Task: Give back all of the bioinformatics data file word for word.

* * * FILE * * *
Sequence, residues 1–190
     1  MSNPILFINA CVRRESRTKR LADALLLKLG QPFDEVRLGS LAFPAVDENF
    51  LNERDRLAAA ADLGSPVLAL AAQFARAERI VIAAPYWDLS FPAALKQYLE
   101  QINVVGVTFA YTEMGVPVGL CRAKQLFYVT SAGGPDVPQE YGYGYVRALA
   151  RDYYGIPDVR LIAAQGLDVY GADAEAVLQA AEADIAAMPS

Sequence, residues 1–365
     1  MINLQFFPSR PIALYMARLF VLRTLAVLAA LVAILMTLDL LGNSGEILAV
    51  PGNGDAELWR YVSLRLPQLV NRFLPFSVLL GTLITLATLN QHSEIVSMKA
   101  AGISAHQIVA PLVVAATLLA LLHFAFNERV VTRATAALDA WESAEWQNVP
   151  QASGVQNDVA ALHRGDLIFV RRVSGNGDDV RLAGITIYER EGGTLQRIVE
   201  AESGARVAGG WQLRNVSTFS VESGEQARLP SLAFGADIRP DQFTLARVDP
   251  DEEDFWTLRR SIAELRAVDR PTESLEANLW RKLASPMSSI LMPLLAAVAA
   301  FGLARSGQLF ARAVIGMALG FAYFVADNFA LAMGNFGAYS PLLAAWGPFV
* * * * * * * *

Sequence, residues 1–190
     1  MSNPILFINA CVRRESRTKR LADALLLKLG QPFDEVRLGS LAFPAVDENF
    51  LNERDRLAAA ADLGSPVLAL AAQFARAERI VIAAPYWDLS FPAALKQYLE
   101  QINVVGVTFA YTEMGVPVGL CRAKQLFYVT SAGGPDVPQE YGYGYVRALA
   151  RDYYGIPDVR LIAAQGLDVY GADAEAVLQA AEADIAAMPS

Sequence, residues 1–365
     1  MINLQFFPSR PIALYMARLF VLRTLAVLAA LVAILMTLDL LGNSGEILAV
    51  PGNGDAELWR YVSLRLPQLV NRFLPFSVLL GTLITLATLN QHSEIVSMKA
   101  AGISAHQIVA PLVVAATLLA LLHFAFNERV VTRATAALDA WESAEWQNVP
   151  QASGVQNDVA ALHRGDLIFV RRVSGNGDDV RLAGITIYER EGGTLQRIVE
   201  AESGARVAGG WQLRNVSTFS VESGEQARLP SLAFGADIRP DQFTLARVDP
   251  DEEDFWTLRR SIAELRAVDR PTESLEANLW RKLASPMSSI LMPLLAAVAA
   301  FGLARSGQLF ARAVIGMALG FAYFVADNFA LAMGNFGAYS PLLAAWGPFV